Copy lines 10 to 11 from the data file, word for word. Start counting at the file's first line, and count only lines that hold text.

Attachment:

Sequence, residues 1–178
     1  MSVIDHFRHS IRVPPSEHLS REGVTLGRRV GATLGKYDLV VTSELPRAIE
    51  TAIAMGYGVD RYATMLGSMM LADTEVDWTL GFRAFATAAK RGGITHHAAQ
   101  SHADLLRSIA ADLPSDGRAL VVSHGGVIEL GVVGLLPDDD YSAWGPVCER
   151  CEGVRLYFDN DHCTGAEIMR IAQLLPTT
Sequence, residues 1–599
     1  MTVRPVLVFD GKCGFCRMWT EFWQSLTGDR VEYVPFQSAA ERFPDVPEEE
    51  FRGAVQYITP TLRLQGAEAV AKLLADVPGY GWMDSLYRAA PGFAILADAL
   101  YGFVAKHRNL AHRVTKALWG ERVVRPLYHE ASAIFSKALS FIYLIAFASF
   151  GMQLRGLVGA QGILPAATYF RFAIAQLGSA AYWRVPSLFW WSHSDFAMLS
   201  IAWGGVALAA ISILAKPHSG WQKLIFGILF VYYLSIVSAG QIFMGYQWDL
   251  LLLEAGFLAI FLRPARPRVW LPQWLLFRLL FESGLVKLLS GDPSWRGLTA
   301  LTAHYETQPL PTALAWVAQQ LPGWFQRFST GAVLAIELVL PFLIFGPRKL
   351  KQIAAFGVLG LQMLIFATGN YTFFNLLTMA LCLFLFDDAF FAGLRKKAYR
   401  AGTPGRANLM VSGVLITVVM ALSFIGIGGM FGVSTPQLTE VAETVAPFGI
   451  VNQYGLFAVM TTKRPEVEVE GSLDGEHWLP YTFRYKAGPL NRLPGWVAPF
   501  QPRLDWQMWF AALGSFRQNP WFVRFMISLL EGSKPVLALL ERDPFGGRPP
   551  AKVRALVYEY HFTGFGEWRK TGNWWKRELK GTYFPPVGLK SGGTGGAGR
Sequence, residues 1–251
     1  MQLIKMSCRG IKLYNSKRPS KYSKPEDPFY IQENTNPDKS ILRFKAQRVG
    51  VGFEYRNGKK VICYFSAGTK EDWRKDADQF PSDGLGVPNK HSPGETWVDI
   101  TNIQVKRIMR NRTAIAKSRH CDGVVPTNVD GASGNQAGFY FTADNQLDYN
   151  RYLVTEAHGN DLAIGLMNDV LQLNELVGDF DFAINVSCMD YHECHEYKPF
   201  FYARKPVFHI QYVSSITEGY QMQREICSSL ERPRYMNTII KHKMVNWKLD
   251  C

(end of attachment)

   151  GMQLRGLVGA QGILPAATYF RFAIAQLGSA AYWRVPSLFW WSHSDFAMLS
   201  IAWGGVALAA ISILAKPHSG WQKLIFGILF VYYLSIVSAG QIFMGYQWDL